1. …how the extreme religious fringe expands in times of uncertainty

      Do you mean like ‘clinging to their guns and Bibles??’

  8. WEDNESDAY FUN: A while back I had my spouse test how easy it was to find out private information about people who commented on blogs. It is EXTREMELY easy, so be careful what you say. The email address you use can lead to all kinds of information about you. OK, that’s the background.

    Many years ago while attending college I worked in a restaurant. The couple who owed the restaurant were very religious. They even had a rule that we were to give gays a hard time so they wouldn’t come back. This worked so well they were even listed as a “trouble” spot in a local directory for this type of activity. Being so religious they were very judgmental of anyone who didn’t follow the Bible to a “T”. They even gave preferential hiring treatment to good “church” type people. Toward the end of my employment I learned that the husband had actually started the restaurant with his first wife (they had one kid). He took up with a waitress, married her and sent the wife and kid packing. Hypocritical, wouldn’t you say?

    Now the fun for Mr. Mud. You are in a current discussion with someone who made the statement “The availability of contraceptives lowered the moral values of the people.” He followed this with his usual good wishes. Well, his email was the one we used for the email information test. While looking at the online information, we noticed his first child by the second wife was born three months after his marriage to her. Sounds to me like someone isn’t reading the Bible correctly.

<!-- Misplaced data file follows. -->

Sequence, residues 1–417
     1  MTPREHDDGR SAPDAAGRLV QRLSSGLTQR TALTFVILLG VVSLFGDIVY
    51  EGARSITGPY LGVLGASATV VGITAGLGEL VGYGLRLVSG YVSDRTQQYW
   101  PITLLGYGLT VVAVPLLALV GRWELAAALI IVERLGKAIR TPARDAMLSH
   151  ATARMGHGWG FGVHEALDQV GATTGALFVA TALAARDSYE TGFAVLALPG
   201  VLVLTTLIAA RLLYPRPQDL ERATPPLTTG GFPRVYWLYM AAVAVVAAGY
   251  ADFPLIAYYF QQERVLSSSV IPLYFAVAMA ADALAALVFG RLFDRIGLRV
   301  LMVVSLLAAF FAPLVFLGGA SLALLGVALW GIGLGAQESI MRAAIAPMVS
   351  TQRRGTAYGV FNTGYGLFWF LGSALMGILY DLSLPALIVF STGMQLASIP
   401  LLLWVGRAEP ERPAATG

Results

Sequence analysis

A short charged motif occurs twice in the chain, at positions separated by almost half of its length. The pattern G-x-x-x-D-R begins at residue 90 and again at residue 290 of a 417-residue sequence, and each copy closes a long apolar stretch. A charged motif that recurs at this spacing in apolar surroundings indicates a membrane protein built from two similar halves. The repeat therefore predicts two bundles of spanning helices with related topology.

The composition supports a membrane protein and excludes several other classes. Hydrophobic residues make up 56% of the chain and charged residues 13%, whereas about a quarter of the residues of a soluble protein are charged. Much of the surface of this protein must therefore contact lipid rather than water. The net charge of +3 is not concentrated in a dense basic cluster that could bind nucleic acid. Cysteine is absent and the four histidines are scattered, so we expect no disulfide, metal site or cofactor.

(I never repeat gossip, so listen close the first time.)
    (If you don’t have anything nice to say about anyone, come sit next to me.)

    1. Oh, THAT guy! He’s a real hoot. He enjoys writing posts with me in the title and then, complains when I begin to challenge him. The poor soul.

  9. sorry I haven’t been here for a while…springtime adventures and a major 2 day long power outage after a logging truck took out a power line! Incredible, no one was hurt!
    But, speaking of holy books, I am reading the most incredible book now. It is hard to believe it is a true first person story by an Australian, Gregory David Roberts .The book is called Shantaram. Roberts was a heroin addict, at one time after escaping from Australia’s maximun security prison, he was Australia’s most wanted man. He ended up in Mumbai, living in a real slum. In the slum, he discovers real love and the real value of humanity. With his basic knowledge of medicine, he opens a slum clinic and discovers the underworld of the black market of medicine run by the lepers of Mumbai…
    All religions come together here. Hindu, Muslim, Christian. He ends up with the Afghans fighting against the Soviets and the rise of the Taleban. The Taleban of course are fighting the Soviets, but they are being funded by the Americans and the Pakistanis.